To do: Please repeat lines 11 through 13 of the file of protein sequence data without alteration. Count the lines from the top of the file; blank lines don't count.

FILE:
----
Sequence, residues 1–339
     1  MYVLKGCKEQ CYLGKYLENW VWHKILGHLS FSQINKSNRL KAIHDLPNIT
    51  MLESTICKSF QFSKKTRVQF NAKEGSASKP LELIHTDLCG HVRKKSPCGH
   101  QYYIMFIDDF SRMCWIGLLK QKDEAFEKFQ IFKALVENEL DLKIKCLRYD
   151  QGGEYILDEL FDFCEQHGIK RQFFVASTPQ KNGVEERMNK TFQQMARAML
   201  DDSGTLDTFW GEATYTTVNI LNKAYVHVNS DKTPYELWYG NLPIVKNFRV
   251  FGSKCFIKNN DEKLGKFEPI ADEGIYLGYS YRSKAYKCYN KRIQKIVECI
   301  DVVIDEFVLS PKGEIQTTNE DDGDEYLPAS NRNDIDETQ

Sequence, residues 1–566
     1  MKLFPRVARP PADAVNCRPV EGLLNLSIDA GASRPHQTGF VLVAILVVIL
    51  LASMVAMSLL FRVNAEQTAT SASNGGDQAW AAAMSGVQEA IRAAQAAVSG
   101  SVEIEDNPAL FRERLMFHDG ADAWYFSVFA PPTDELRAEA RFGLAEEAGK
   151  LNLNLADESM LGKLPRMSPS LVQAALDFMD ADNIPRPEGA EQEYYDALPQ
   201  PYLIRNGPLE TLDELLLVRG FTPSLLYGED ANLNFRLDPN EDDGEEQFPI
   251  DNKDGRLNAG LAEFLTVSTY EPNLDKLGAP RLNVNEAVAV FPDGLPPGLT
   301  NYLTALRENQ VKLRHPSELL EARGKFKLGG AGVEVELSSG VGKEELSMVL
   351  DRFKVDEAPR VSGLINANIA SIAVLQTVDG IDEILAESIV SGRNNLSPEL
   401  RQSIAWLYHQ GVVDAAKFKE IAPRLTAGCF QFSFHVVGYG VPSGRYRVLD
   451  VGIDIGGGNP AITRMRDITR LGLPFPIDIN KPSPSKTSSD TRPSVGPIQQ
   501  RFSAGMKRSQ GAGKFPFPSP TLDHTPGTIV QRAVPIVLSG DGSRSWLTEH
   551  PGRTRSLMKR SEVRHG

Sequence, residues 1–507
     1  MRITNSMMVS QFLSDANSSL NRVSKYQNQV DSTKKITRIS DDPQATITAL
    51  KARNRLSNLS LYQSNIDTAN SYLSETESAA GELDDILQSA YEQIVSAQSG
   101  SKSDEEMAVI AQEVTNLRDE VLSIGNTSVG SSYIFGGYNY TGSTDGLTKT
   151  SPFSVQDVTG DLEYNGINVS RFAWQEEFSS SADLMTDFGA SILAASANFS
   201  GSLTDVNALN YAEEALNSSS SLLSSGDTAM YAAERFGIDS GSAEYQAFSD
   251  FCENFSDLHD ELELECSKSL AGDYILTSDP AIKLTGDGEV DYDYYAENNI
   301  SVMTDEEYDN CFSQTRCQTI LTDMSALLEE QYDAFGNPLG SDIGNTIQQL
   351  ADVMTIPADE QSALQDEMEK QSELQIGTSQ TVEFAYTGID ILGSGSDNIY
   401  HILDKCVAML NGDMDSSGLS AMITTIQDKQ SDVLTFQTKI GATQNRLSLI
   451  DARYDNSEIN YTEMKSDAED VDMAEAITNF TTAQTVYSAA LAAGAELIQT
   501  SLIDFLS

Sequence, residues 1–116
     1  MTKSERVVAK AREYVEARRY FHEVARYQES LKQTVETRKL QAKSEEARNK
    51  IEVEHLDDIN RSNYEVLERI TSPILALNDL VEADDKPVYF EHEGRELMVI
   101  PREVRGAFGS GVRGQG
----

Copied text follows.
    51  LASMVAMSLL FRVNAEQTAT SASNGGDQAW AAAMSGVQEA IRAAQAAVSG
   101  SVEIEDNPAL FRERLMFHDG ADAWYFSVFA PPTDELRAEA RFGLAEEAGK
   151  LNLNLADESM LGKLPRMSPS LVQAALDFMD ADNIPRPEGA EQEYYDALPQ